| Code: 163963 |

China hit back quickly on Wednesday against U.S. plans to impose tariffs on $50 billion in Chinese goods, retaliating with a list of similar duties on key American imports including soybeans, planes, cars, beef and chemicals in a move that sent global markets reeling.

TINNews |

China hit back quickly on Wednesday against U.S. plans to impose tariffs on $50 billion in Chinese goods, retaliating with a list of similar duties on key American imports including soybeans, planes, cars, beef and chemicals in a move that sent global markets reeling.

Beijing moved with exceptional speed after U.S. President Donald Trump’s administration unveiled tariff plans targeting China, acting less than 11 hours later as the trade dispute between the world’s two economic superpowers sharply escalated.

U.S. President Donald Trump, who has long charged that his predecessors served the United States badly in trade matters, rejected the notion that the tit-for-tat moves amounted to a trade war.

“We are not in a trade war with China, that war was lost many years ago by the foolish, or incompetent, people who represented the U.S.,” Trump wrote in a post on Twitter early on Wednesday.

The latest developments sent shivers through global stock markets and commodities.

Shares in U.S. exporters of everything from food to planes were hammered with a list of duties on key U.S. imports including soybeans, planes, cars, beef and chemicals.

By mid-morning in New York, shares in U.S. aerospace giant Boeing Co were down 3.3 percent while agricultural machinery maker Deere & Co had slipped 3.9 percent. The Dow Jones Industrial Average was down 0.91 percent while the S&P 500 fell 0.59 percent. The U.S. dollar also fell.

While Washington targeted products that benefit from Chinese industrial policy, including its “Made in China 2025” initiative to replace advanced technology imports with domestic products in strategic industries such as advanced IT and robotics, Beijing’s appeared aimed at inflicting political damage.

For example, the U.S. farm belt strongly backed Trump in the 2016 U.S. election.

Because the actions will not be carried out immediately, there may be room for maneuver. Publication of Washington’s list starts a period of public comment and consultation expected to last around two months. The effective date of China’s moves depends on when the U.S. action takes effect.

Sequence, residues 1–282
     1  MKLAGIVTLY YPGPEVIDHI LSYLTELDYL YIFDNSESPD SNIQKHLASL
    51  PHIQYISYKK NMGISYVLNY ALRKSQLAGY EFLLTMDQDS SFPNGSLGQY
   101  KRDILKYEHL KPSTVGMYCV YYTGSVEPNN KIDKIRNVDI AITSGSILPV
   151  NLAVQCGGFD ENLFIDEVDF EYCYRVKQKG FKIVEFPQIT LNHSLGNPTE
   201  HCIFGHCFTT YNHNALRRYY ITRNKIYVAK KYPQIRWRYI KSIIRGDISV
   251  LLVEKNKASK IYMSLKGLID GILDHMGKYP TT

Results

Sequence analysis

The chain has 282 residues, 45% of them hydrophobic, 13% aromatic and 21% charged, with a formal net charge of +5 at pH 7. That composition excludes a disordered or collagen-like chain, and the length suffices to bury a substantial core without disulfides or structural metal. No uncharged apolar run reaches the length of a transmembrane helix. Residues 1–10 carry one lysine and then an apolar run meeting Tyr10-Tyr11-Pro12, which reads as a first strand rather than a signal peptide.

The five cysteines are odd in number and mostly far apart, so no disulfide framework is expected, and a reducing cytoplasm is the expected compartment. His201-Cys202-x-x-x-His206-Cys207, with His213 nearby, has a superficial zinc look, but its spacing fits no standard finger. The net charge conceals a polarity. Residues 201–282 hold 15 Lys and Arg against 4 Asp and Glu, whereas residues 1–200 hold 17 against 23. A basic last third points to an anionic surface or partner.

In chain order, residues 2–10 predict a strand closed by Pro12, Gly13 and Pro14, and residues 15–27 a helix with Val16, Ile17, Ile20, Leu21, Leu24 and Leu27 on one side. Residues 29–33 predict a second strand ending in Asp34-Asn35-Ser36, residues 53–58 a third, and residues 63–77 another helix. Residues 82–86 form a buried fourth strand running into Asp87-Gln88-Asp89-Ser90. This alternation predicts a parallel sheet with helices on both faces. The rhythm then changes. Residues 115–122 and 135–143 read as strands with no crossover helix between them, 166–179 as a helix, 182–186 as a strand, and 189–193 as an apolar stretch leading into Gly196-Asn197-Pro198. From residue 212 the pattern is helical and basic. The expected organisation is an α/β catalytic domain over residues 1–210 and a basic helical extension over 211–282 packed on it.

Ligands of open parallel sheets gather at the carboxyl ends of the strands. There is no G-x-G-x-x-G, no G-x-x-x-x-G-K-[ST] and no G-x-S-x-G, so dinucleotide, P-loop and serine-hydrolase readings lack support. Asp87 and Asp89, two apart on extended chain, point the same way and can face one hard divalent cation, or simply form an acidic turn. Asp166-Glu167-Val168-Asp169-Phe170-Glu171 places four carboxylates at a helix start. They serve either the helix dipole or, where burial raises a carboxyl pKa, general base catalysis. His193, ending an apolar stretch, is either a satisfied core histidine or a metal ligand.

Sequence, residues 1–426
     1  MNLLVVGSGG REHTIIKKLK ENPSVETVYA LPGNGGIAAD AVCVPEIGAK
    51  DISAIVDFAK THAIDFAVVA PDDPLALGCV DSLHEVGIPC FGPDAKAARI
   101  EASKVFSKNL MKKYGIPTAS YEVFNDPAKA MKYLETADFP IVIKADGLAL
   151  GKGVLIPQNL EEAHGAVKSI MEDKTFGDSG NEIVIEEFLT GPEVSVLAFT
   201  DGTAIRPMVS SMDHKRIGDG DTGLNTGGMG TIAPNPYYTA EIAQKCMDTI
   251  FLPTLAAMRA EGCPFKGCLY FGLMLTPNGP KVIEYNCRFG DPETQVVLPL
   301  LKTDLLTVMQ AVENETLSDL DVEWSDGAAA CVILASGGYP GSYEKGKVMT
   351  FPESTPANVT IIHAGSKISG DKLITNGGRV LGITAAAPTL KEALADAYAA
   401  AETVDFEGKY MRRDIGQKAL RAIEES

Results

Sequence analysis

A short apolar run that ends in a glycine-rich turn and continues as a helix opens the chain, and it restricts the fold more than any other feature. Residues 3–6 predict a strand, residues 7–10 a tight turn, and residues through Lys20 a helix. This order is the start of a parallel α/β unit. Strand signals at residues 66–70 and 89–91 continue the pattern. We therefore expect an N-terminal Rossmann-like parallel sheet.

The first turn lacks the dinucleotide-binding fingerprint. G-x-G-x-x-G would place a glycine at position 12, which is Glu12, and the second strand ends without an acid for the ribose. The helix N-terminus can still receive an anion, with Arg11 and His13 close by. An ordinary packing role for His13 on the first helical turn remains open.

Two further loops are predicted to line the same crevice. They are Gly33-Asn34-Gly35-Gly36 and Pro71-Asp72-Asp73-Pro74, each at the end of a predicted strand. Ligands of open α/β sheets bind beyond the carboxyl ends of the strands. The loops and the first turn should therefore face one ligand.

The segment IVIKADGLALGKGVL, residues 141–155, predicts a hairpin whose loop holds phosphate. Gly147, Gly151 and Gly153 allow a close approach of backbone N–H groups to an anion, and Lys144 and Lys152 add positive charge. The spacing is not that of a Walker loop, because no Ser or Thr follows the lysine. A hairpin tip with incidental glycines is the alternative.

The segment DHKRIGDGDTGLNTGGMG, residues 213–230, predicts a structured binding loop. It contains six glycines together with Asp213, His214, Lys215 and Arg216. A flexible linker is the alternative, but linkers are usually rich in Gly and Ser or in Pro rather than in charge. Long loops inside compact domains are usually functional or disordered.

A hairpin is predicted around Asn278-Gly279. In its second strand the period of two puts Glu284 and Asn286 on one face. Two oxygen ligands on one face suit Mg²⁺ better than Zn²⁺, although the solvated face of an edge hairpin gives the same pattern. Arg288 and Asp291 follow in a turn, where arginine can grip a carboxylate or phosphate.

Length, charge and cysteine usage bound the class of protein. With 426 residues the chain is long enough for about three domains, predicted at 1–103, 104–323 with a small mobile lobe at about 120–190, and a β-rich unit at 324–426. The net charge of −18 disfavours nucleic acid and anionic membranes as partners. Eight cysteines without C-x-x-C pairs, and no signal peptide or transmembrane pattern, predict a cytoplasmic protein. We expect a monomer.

U.S. Commerce Secretary Wilbur Ross said in an interview with CNBC that it would not be surprising if the U.S. and China trade actions led to negotiations, although he would not speculate on when this might happen.

Investors were wondering, nonetheless, how far one of the worst trade disputes in many years could escalate.

“The assumption was China would not respond too aggressively and avoid escalating tensions. China’s response is a surprise for some people,” said Julian Evans-Pritchard, senior China economist at Capital Economics, noting that neither side had yet called for enforcement of the tariffs.

“It’s more of a game of brinkmanship, making it clear what the cost would be, in the hopes that both sides can come to agreement and none of these tariffs will come into force,” said Evans-Pritchard.

U.S.-made goods that appear to face added tariffs in China based, on an analysis of Beijing’s list, include Tesla Inc electric cars, Ford Motor Co’s Lincoln auto models, Gulfstream jets made by General Dynamics Corp and Brown-Forman Corp’s Jack Daniel’s whiskey.

Unlike Washington’s list, which was filled with many obscure industrial items, China’s list strikes at signature U.S. exports, including soybeans, frozen beef, cotton and other key agricultural commodities produced in states from Iowa to Texas that voted for Trump in the 2016 presidential election.

Information technology products, from cellphones to personal computers, largely escaped the latest salvo of U.S.-China trade measures despite accounting for a significant portion of bilateral trade.

China ran a $375 billion goods trade surplus with the United States in 2017. Trump has demanded that the China cut the trade gap by $100 billion.

by 

 

Related News

Send Comment

Latest news The most viewed news The most popular topics
Book introduction Magazine introduction Transportation weekly روزنامه تین

Multimedia